NEW POVERTY MEASURE DOESN'T ADD UP
June 9, 2010
The new Obama poverty measure fails. It flunks the test of political neutrality and is based on misleading statistics that not one American in 100,000 could possibly understand, says columnist Robert J. Samuelson.
That's because the new calculation would measure poverty on a sliding scale. Thus, if the average income of families in the United States increases so too does the poverty threshold. Talk about keeping up with the Jones. This new measure provides the perfect climate for left-leaning politicians to promote equalization of wealth through redistribution. The measure would bump poverty up 30 percent: more poverty equals more political fodder to argue for increased welfare.
Unfortunately, the method currently used to calculate the poverty rate is already skewed, creating a "crisis" of poverty in the United States:
- This is because only a family's pretax income is included in total income when determining their poverty level.
- Thus, despite the fact that the average poor household receives $28,000 dollars in welfare benefits annually, these benefits are not included in their income.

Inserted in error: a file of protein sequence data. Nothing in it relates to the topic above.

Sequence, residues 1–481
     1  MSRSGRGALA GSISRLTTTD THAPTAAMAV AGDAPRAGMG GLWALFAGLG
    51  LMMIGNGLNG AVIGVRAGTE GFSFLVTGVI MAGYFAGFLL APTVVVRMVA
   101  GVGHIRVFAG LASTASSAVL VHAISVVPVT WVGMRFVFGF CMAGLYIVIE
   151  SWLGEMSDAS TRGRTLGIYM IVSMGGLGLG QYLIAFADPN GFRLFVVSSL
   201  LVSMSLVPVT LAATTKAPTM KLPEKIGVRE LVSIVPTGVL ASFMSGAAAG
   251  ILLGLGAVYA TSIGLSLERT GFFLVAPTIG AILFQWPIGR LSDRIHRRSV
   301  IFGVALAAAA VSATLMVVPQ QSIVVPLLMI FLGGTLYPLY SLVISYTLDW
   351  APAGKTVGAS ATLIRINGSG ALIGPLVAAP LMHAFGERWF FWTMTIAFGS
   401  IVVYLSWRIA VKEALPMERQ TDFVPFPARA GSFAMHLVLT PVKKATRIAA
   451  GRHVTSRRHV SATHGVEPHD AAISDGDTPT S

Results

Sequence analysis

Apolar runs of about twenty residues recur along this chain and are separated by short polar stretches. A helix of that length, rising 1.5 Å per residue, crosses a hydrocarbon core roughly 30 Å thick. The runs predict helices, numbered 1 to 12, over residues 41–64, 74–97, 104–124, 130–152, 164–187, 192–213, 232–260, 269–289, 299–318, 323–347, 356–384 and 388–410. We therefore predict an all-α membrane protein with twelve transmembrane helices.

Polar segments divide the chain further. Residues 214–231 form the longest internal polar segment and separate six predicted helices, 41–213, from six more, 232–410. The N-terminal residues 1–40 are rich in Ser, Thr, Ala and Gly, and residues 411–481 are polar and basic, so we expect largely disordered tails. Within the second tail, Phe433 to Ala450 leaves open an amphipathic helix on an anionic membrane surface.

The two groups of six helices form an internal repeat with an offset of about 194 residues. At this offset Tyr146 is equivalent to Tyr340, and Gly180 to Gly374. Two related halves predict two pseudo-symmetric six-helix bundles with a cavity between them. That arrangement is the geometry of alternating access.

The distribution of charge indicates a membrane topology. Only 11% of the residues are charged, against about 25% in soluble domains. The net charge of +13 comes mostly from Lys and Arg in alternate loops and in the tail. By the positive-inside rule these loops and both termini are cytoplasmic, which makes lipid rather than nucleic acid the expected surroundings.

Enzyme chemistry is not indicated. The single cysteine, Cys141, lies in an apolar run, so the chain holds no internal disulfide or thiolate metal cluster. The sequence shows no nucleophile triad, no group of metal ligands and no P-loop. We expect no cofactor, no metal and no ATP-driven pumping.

- Not surprisingly then, even though the United States has increased welfare spending by thirteen-fold (adjusting for inflation) since the war on poverty began in 1965, the poverty rate has stayed much the same.
However, the standard of living for the poor has increased substantially:
- Today, 43 percent of the poor own their own homes (80 percent have air conditioning and only 6 percent say they are overcrowded), approximately 75 percent own a car, 97 percent own a television, and nearly 80 percent have a VCR or DVD player.
- This definition of poverty, as Samuelson notes, referencing the late Daniel Patrick Moynihan, is scaled up.
- On the other hand, only about 2 percent of Americans report that they often do not have enough food to eat.
Rather than illuminating the problem of poverty, this faulty poverty measure will only obscure the most relevant facts. The result will be more government spending that we as a nation cannot afford and that does little help those in need.
Source: Rachel Sheffield, "New Poverty Measure Doesn't Add Up," Heritage Foundation, June 8, 2010; and Robert J. Samuelson, "Why Obama's Poverty Rate Measure Misleads," Washington Post, May 31, 2010.
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